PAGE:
Bump Technologies (S09) Confirms Sequoia Funding, Reveals Roster Of Angels

Over the weekend we wrote about Bump Technologies’ recent funding round led by Sequoia Capital, which was revealed (perhaps accidentally) during Sequoia Partner Greg McAdoo’s presentation at Y Combinator’s Startup School. Bump declined to comment on the round on Saturday, but they’ve now confirmed that the round has just closed. They still wouldn’t confirm the exact amount of the round, but we’ve heard it’s over $3 million.

Bump did disclose the angel investors joining the round, and they’ve got some impressive names on board:

Ram Shriram (Sherpalo Ventures; founding board member at Google)
Ron Conway (SV Angel LLC)
Joshua Schachter (founder, Delicious)
Aydin Senkut (Felicis Ventures)

Bump CEO David Lieb says that the company plans to use the financing to extend Bump beyond the iPhone (I suspect we’ll see an Android version), and to expand the team.

Bump Technologies image

Website: bumptechnologies.com
Founded: October, 2008
Funding: $3M

Bump Technologies builds mobile applications that allow smartphones to transfer data with very little effort required on the user’s part. Learn More

Information provided by CrunchBase

Congratulations Bump!

Startup School Final Speaker List

We’re getting excited for Startup School on Saturday! We’re sorry we can’t fit everyone who wanted to come, so we wanted to remind everyone that talks will be streamed live on Justin.tv here: http://www.justin.tv/startupschool.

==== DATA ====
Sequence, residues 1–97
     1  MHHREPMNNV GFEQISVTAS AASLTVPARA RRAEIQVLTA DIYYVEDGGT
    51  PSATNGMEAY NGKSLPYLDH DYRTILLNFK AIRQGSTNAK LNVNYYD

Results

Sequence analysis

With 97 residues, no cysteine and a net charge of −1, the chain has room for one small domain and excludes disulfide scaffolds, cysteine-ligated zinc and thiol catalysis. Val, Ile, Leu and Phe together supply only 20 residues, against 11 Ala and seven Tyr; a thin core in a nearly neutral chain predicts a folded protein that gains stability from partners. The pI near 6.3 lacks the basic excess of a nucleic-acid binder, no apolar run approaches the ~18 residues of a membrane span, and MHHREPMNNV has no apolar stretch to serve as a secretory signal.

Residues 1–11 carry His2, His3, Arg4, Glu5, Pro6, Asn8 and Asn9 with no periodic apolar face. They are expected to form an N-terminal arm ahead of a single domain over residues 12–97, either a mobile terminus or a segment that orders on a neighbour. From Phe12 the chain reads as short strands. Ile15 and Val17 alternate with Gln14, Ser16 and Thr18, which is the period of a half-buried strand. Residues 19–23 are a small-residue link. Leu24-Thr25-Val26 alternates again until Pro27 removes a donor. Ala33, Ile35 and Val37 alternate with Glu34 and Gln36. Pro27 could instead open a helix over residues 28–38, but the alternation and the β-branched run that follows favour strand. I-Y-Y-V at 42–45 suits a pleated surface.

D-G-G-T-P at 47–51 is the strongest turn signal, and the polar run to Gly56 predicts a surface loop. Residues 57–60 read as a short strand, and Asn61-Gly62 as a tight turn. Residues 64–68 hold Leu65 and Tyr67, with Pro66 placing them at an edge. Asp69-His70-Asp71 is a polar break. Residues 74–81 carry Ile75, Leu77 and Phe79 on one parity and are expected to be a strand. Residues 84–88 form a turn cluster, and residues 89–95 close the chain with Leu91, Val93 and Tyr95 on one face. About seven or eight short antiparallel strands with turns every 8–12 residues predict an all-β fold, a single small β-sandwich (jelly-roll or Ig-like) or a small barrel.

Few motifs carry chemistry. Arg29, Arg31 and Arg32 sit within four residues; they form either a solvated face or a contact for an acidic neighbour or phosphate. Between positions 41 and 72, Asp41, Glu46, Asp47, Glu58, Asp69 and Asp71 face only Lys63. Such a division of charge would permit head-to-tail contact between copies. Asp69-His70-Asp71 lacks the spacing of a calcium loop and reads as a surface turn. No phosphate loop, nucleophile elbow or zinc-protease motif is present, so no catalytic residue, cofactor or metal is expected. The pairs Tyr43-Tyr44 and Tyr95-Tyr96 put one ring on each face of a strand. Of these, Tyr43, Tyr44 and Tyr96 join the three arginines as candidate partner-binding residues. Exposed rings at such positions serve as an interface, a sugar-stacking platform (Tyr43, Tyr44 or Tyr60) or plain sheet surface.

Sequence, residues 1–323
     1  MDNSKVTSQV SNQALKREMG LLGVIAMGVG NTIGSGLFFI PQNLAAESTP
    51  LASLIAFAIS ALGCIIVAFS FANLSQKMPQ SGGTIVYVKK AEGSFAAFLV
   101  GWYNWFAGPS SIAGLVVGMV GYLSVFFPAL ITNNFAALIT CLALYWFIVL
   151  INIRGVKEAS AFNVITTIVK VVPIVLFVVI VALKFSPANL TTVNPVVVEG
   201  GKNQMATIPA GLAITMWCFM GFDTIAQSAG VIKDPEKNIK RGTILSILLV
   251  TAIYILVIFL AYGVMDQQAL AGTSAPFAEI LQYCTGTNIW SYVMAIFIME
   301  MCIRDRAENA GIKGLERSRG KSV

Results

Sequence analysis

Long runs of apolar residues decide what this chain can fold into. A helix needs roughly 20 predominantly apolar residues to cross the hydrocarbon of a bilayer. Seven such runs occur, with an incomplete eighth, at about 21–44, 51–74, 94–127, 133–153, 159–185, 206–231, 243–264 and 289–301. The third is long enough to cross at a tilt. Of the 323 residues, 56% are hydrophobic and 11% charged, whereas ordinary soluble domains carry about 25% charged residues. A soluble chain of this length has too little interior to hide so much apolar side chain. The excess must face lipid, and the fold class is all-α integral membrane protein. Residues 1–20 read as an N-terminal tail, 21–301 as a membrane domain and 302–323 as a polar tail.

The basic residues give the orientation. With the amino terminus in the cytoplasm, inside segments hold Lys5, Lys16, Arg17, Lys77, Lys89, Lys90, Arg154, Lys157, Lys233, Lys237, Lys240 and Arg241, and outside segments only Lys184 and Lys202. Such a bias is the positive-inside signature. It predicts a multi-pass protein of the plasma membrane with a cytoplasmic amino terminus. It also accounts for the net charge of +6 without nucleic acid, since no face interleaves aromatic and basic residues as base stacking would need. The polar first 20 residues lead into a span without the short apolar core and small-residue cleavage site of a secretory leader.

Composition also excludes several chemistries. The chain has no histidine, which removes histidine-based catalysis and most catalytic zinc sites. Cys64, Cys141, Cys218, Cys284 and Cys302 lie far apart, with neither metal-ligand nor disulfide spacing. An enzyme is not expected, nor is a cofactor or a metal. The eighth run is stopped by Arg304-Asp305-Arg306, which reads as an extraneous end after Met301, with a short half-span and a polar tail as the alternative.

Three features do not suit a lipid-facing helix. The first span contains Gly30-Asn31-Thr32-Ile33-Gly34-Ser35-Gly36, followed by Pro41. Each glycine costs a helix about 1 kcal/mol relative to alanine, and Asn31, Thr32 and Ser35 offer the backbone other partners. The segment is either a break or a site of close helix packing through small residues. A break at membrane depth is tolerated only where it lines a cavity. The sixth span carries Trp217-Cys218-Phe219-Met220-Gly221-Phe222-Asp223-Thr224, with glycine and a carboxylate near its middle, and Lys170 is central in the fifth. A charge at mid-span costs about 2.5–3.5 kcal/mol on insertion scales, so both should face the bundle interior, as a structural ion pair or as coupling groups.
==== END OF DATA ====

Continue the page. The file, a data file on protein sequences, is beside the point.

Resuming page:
Here’s the final list of speakers:

Chris Anderson
Editor in Chief, Wired Magazine

Paul Buchheit
Founder, FriendFeed; Creator of GMail

Jason Fried
Founder, 37signals

Paul Graham
Partner, Y Combinator; Founder, Viaweb

Tony Hsieh
CEO, Zappos; Founder, LinkExchange

Mitch Kapor
Partner, Kapor Capital; Founder, Lotus

Greg McAdoo
Partner, Sequoia Capital

Mark Pincus
Founder, Zynga, Tribe, SupportSoft, Freeloader

Biz Stone & Evan Williams
Founders, Twitter

Mark Zuckerberg
Founder, Facebook

Safe travels to everyone coming to Berkeley from around the world.

Follow Startup School on Twitter-- http://twitter.com/startupschool

Justin.tv founders named to top 30 under 30 by Inc.

During Justin.TV's early days, the four founders shared a two-bedroom apartment, working in shifts so that someone was awake to manage the site, even when Kan wasn't. Amazingly, this odd experiment attracted a loyal, Truman Show-esque following -- at any given time there would be hundreds of people watching Kan -- and a raft of press attention. Just weeks after going on the air, Kan was interviewed wearing his camera on the Today show, and dozens of media mentions followed. "It was mindboggling," Vogt says. "I'd wake up at 3 p.m., wander out into the living room in my boxers and there'd be a camera crew there."

Later that year, Kan turned off the cameras and opened his site up to all manner of live broadcaster, a move that caused traffic to surge. Today, the site hosts 40,000 broadcasts every day -- broadcasters have included the Jonas Brothers, Stephon Marbury, and Rep. Ron Paul -- and attracts some 31 million visitors a month. That translates to a staggering 50 million hours of video shown per month. "It's a far cry from when it was just Justin," says Seibel, the company's CEO. "We have the most used live video system in existence."

What's next for Justin.TV? Well, profits, for one thing. Right now, the company makes money through advertising and a $9.99 per month fee for broadcasters who want to show live videos without any ads. But the plan is to increase revenues -- and get to profitability -- by handling live video operations on other people's websites. Organizers of a sporting event or a rock concert, for instance, would be able to use Justin.TV's system, paying a fee based on how much bandwidth used. There's also a payment processing system in the works that would let broadcasters offer pay-per-view streams, while paying Justin.TV a transaction fee. "It'd be nice to say this is how we planned it out," Kan says. "But that's not true. Having a start-up is all about being able to see what works and change your idea."

full article at inc.com